Genesis 1-2.  Genesis 2 establishes monogamous heterosexual relationships as the pre-Fall standard for human sexuality. While up to this point in the Genesis narrative all of creation is identified as “good,” here we learn that, “It is not good for the man to be alone.”  So from the man’s own body God creates a “helper suitable for him” (Gen. 2:18). Eve is brought to Adam and the narrator announces the establishment of the marriage relationship: “That is why a man leaves his father and mother and is united to his wife, and they become one flesh” (Gen. 2:24). The union is between one man (ʾı̂š) and one woman (ʾiššā).

Advocates of same-sex relationships often claim that this text is not speaking about gender complementarity but about companionship, which can be equally fulfilled in a same-sex relationship. While no doubt companionship is a key component here, in the near context both procreation and gender complementarity are also emphasized. In the first (summary) creation account in Genesis 1, God creates humanity in his own image as male (zāḵār) and female (nᵉqēḇāh) and commands them to procreate: “Be fruitful and increase in number, fill the earth and subdue it” (1:27–28). God could not have told marriage partners to procreate if he had in mind same-sex partners.

Similarly, gender complementary is emphasized in chapter two.  Eve is created as “a helper suitable for him” (2:18 NIV). The rare Hebrew word kᵉneg̱dô, translated variously as “suitable for him” (NIV), “who is right for him” (God’s Word), “who corresponds to him” (NET), “as his complement” (HCSB), could be more formally rendered as “like opposite him.” In context it clearly carries the sense of both similarity and difference. Eve is like Adam and distinct from the animals because she was created from him. She is “bone of my bones and flesh of my flesh” (2:23). Yet she is also different from him and is his perfect complement. He is man (ʾı̂š); she is woman (ʾiššā). He is male (zāḵār); she is female (nᵉqēḇāh). She was created from his side to be at his side as his equal and partner. In the marriage relationship, the two complement each other and together become “one flesh” (2:24). This binary complementarity and suitability is most clearly evident in the sexual union (male and female body parts fit together) but also likely refers to complementary emotional, psychological and social traits.  Though it is true that male and female gender qualities and stereotypes vary somewhat across cultures and between individuals within a particular culture, it is hard to deny that men and women are indeed different—and wonderfully complementary.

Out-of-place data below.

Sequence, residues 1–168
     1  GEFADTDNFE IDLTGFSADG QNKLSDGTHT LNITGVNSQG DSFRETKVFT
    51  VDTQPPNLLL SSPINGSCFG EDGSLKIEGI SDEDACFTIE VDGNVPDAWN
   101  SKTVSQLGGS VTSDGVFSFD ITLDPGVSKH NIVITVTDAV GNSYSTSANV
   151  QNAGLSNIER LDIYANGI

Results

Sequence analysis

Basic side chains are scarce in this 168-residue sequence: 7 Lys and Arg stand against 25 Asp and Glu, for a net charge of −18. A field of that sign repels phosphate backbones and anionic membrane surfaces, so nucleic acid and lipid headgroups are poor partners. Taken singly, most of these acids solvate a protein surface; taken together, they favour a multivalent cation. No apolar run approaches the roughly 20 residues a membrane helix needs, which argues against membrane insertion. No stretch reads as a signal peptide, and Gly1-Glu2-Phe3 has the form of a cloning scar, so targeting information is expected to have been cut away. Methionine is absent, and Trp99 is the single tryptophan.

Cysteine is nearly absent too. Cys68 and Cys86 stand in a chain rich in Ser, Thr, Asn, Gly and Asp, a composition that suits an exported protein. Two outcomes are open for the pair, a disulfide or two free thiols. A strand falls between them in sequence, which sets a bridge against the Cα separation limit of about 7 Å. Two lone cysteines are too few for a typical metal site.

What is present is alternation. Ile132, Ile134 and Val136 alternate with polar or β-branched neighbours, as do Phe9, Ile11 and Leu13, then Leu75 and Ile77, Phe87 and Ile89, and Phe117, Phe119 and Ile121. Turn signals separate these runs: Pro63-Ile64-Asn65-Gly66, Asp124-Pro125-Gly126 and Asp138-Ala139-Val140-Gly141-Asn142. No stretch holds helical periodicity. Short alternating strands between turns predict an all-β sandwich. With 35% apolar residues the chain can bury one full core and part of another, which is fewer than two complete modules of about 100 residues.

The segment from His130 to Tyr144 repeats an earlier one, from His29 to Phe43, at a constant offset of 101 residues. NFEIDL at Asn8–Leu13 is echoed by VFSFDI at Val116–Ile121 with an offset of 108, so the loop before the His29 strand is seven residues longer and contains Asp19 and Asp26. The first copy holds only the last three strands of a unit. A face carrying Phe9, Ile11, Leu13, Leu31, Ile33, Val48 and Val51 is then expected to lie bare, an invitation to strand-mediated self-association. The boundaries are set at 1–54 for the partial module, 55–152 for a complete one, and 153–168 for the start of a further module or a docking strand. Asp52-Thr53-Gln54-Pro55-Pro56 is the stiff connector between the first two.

As the foundational creation account, these passages establish God’s purpose and parameters for human sexuality. God meets Adam’s need of companionship by creating a woman. The result is a monogamous heterosexual marriage relationship. The foundational and paradigmatic nature of this text suggests that it represents God’s design for human sexuality.  By implication, any form of sexual behavior outside of this relationship—whether premarital, extramarital or homosexual—is beyond the bounds of God’s design. Jesus, of course, cites these passages when discussing the fundamental nature of the marriage relationship (Matt. 19:3-12//Mark 10:2-12).

While indicative of God’s ideal, the Genesis account alone would be insufficient to rule out same-sex sexual acts as sinful. Yet such behavior is explicitly forbidden elsewhere in both the OT and the NT.

Leviticus 18:22; 20:13. The most explicit commands against homosexual behavior in the OT come in the holiness code of Leviticus. Leviticus 18:22 reads, “Do not have sexual relations with a man as one does with a woman; that is detestable” (NIV). Leviticus 20:13 identifies the penalty for such actions as death.

Some claim that these commands relate merely to purity issues rather than to overtly sinful behavior. But the imposition of the death penalty shows that this is far more significant than a purity issue. Purity issues are resolved through the passage of time, ritual washing or offering sacrifices, not through capital punishment. The death penalty is reserved for serious violations of God’s character, his created order, and the covenant between Yahweh and his people. Similar punishments apply to sins like adultery, incest, and cursing one’s parents. Our point, of course, is not that Christians should advocate for capital punishment for any of these sins (these are old covenant punishments related to Israel), but only that they are clearly in a different category than purity concerns.

Others argue that these passages concern not sexual relationships per se, but cultic prostitution, thus violating God’s commands to be separate from the nations. But there is nothing in the context to indicate this. The surrounding laws govern sexual matters generally, not cultic prostitution. The language associated with cultic prostitution used elsewhere does not occur here (cf. Deut. 23:17-18).